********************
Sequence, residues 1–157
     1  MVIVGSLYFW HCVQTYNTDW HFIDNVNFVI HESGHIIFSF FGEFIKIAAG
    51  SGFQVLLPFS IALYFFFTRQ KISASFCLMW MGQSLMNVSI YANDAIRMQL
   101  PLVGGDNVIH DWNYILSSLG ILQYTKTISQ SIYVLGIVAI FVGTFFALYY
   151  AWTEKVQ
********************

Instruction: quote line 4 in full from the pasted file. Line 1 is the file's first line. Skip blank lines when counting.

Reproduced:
   101  PLVGGDNVIH DWNYILSSLG ILQYTKTISQ SIYVLGIVAI FVGTFFALYY